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What happened in the States this month?

What happened in the States this month?

Monday 17 July 2023

What happened in the States this month?

Monday 17 July 2023

Forget the detail. It’s the Big Picture from the early July States’ meeting that’s more interesting. It was confirmed that the tsunami that overwhelmed the Committee for Education, Sports & Culture a couple of weeks ago, forcing them to withdraw their policy letter on the Education Law Review, was caused not merely by an earthquake, but by tectonic plates that have shifted in the Assembly.

This fact emerged during the debate on the Policy & Resources Committee’s (P&R) policy letter on East Coast Development.

The policy letter was not the best piece of drafting to emerge from the civil service. The three simple propositions were not particularly substantive or controversial.  One approved the three members of the proposed Guernsey Development Agency. The second provided approval to some very high level development objectives and principles. The third was procedural, approving the terms of reference for something new, called the Political Oversight Group, that is intended to provide political governance of the Agency. 


Pictured: P&R faced amendments against its east coast plans.

It is not that unusual for amendments to emerge during debate but normally they’d be a few lodged before the meeting begins, indicating areas of members’ concern.

Amendments laid during the meeting always face a headwind in that they are subject to an obvious criticism that they are ‘late’, or ‘on the hoof, without the opportunity for effective consultation with interested partiesIn this case, five emerged after debate had begun

The reason this happened is because once debate had started, it became clear quite quickly that members weren’t very happy with the lack of progress on development of the east coastThe absence of action flowed directly from the Assembly’s decision back in June 2021 to torpedo the States’ Trading Supervisory Board’s proposals to approve any plan for the future of the harboursAt that meeting, P&R were clearly directed to pick the issue up and return with optionsBut in this policy letter, they’d slipped in that this particular piece of work had been kicked into the next term

Clearly, this set alarm bells ringing for members

This was reflected in Deputy Burford’s amendments which she described as ‘belt and braces.’ These amendments require that transfers of land to, or longer leases made by the Development Agency, be approved by the AssemblyBoth amendments received substantial support, despite the existence of an extant resolution from June 2021 that theoretically had the issues coveredPerhaps emboldened by this success, other amendments emergedOne which directed P&R to include provision for surveying the east coast in preparation for a decision on future harbour requirementsAnd another which directed P&R to get on and do the work this term that they had kicked into the next term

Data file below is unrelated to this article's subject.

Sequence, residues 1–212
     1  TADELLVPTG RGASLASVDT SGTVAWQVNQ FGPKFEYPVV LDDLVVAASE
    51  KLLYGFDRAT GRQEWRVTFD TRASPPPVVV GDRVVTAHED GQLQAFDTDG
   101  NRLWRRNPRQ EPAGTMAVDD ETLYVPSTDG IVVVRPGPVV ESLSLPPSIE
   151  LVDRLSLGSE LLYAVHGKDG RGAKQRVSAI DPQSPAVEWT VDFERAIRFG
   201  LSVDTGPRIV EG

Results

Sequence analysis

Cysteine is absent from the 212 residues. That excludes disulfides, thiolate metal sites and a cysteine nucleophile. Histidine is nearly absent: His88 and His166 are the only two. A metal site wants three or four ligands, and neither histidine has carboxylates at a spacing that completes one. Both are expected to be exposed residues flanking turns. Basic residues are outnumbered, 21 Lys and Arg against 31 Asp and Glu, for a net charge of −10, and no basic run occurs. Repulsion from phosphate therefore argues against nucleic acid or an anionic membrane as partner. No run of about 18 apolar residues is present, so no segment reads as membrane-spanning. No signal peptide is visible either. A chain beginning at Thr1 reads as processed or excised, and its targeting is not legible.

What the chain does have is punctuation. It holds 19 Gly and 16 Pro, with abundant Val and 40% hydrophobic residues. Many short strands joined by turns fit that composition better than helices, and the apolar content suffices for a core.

Deputy Yvonne Burford

Pictured: Deputy Burford lodged amendments against the east coast development plans.

In essence, the Assembly was collectively telling P&R, ‘we are unhappy with the pace of progress and the failure to prioritise this issue.’  The sense of exasperation from P&R members was palpable, particularly Deputy Murray, who is now responsible for the Government Work PlanHis message that the States doesn’t have the funding or other resources to progress this issue in the timescale the States wanted, simply fell on stony ground.    

For the senior committee to lose so heavily having argued so strongly against a position is unusual. It is a reaffirmation, after the January/February tax review debacle, that P&R are no longer leading the States but are following itWhat is most extraordinary, though, is a feeling, a sense that no-one actually thinks P&R will take the blindest bit of noticeThe expectation is the resolutions will most likely be ignored, other than they will used to bolster the narrative being weaved ahead of September’s capital and funding debate that, ‘if you, the rest of the States, want to keep doing all of these things, then we, P&R, will have no choice but to re-present our GST-led tax package as the only way to fund them all.’  The political strategy is simple, it seems - to bludgeon the Assembly into approving P&R’s tax package as the only viable solution, even though the Assembly have made clear they do not believe that to be the case. 

Deputy Murray did manage to exact some kind of pyrrhic victory by securing a narrow win for his sursis to stop debate on the Electricity Strategy until SeptemberHis argument that it needed to be considered in the round with the Government Work Plan was not well founded on the facts, given the propositions in the Electricity Strategy, but no matterIt is ironic that the man who joined P&R after Deputy Soulsby’s resignation to inject vision and energy into ensuring government action, was the same man torpedoing a clearly articulated and presented vision, reinforcing the moniker of this Assembly as the States of Inaction.   

When the States gathers in September to pick up debate on the Electricity Strategy and pick over the detail of P&R’s capital and funding plan, the Big Picture is that those debates will be taking place against a backdrop of P&R’s authority to lead having drained away from the committeeThe tectonic plates have shifted and they are not going to shift back. 

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